Marketing Communications Design for Varying Mediums


4 Ps of marketing cartoon

A firm grasp of varying communication methodologies and the mediums within which they are transmitted may offer appreciably considerable advantages toward the enhancement of efficiency and success of the IMC mix. The shift in the communications paradigm brought about by the modernized online business standard has enabled these advantages via increased acceptance and widespread use of various Web 2.0 technologies, e.g. social media, blogs, webinars, etc. Central to each of these is the interactive component, which is to say the ability for two-way conversation to take place, a template which allows for the transformation of buyers into brand and/or product advocates (Smith & Zook, 2011). Thus, it is reasonable to conclude that optimized choice of communication types and mediums can be strategically significant to the impact such selections offer a business. This paper will attempt to evaluate and measure diverging kinds of communication and mediums employed in the delivery of such in an effort to simplify targeted audience engagement.

There are three formats of information distribution readily identified in communication types and mediums; mass media, the World Wide Web, and personal contact. Each of these offers changeable complexity levels, wherein mass media is a one-to-many reach, personal contact a one-to-one reach, and the Web a many-to-many reach (Schneider, 2011). In the one-to-many exemplar, the conversation is limited to a one-way approach, and no opportunity is allowed for interactivity, whereas the one-to-one (personal contact) and many-to-many (Web) approaches facilitate interactive conversation. While personal contact is the obvious augmented choice, it is not feasible across the span of the available marketplace populace, making the Web the most appropriate venue available for the dissemination of information in different communication types and mediums (Moutinho & Chen, 2008).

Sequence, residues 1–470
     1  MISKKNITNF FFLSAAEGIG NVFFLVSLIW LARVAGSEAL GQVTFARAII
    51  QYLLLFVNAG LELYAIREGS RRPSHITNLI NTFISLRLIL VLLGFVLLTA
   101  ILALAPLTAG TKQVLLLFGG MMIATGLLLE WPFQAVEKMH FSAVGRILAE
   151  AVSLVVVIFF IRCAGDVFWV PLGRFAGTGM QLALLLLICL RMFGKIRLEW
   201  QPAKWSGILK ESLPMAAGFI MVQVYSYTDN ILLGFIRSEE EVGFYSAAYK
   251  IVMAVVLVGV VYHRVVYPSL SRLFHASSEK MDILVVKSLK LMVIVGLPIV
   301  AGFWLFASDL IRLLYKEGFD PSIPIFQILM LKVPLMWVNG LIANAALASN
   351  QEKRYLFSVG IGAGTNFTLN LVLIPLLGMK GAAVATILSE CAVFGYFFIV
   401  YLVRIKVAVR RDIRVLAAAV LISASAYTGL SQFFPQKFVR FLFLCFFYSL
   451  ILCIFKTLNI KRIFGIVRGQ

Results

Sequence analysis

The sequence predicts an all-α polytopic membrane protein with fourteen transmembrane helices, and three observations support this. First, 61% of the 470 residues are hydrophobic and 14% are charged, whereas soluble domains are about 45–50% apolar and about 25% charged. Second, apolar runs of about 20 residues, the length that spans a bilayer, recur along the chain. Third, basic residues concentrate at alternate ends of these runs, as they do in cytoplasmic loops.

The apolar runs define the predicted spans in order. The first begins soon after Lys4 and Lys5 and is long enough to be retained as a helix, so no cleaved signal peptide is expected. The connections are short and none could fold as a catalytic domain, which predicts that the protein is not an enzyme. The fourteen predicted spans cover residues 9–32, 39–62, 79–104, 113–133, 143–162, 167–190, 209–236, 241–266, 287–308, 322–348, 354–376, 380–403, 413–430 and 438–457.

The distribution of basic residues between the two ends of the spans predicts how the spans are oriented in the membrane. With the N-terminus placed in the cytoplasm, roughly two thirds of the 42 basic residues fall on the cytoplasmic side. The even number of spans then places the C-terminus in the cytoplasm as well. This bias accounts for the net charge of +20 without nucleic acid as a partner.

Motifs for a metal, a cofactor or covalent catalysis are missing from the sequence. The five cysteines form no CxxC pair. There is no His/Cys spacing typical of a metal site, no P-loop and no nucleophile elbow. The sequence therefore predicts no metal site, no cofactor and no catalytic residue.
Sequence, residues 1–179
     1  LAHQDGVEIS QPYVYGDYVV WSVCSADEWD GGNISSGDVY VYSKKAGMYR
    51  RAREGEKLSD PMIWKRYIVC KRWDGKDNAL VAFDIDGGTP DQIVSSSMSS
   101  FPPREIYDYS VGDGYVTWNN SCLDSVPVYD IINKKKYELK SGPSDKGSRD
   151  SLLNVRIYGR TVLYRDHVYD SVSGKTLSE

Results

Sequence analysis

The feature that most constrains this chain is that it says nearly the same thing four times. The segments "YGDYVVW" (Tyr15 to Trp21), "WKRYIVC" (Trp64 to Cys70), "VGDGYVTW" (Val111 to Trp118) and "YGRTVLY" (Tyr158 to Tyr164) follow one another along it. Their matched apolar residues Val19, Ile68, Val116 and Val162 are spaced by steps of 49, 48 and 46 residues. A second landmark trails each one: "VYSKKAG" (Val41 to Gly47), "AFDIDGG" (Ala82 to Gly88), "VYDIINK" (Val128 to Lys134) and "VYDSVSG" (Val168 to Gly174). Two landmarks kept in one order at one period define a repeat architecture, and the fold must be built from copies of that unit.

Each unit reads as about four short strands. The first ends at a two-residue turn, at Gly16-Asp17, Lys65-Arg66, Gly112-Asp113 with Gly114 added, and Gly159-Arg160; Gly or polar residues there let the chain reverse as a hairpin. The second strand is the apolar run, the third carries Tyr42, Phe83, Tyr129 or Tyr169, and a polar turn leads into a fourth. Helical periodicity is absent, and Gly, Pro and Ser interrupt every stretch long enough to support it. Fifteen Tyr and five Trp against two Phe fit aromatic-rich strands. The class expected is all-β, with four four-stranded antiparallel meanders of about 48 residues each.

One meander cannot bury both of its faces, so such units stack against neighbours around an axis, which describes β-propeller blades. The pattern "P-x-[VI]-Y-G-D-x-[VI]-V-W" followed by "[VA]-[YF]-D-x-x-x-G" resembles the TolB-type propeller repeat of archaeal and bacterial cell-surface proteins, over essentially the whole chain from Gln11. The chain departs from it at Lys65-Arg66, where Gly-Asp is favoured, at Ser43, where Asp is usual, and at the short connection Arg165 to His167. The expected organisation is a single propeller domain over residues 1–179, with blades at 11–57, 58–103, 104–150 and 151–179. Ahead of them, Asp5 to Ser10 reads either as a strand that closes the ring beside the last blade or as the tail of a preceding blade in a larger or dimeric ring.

With these factors in mind, an examination of dissimilar communication types and mediums will follow.

Different Communication Types

Different communication types include, among many others, advertising, branding, direct marketing, packaging, and promotion. These are distinguished in the succeeding manner:

  • Advertising – The word is taken from the Latin, ad vertere, which loosely translates as, “to turn toward.” Advertising attempts to encourage and convince the targeted audience to carry out a motivated action, and turn toward the advertised brand and/or product in a favorable manner, presumably with the end-result being a purchase.
  • Branding – The term “brand” is a noun, and refers to those uniquely individual characteristics such as the name, term, design, etc. The term “branding” is a verb, and describes those activities, e.g. product benefits, customer service, value proposition, and other effects which serve to create a positive impression of the brand within the mind of the consumer.
  • Direct marketing – Direct marketing disregards specific channels and instead attempts to communicate with the customer in an unequivocal and absolute manner. This is achieved through:
    • Text messaging
    • Online display ads
    • Outdoor advertising
    • Print advertising
    • Database marketing
    • Etc.
  • Packaging – Graphic design is used as a marketing communications technique in packaging, employing colors, textual and pictorial information, as well as the brand to serve as inducements for the customer to purchase the product. Packaging represents the final link in the marketing communications chain.